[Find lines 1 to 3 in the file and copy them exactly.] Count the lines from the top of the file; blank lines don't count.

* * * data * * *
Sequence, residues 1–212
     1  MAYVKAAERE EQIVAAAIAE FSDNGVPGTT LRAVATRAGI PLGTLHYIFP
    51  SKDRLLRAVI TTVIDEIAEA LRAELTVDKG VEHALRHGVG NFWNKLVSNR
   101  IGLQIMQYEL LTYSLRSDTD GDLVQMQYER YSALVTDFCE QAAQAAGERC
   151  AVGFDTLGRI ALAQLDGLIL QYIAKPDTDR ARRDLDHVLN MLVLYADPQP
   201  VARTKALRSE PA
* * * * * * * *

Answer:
Sequence, residues 1–212
     1  MAYVKAAERE EQIVAAAIAE FSDNGVPGTT LRAVATRAGI PLGTLHYIFP
    51  SKDRLLRAVI TTVIDEIAEA LRAELTVDKG VEHALRHGVG NFWNKLVSNR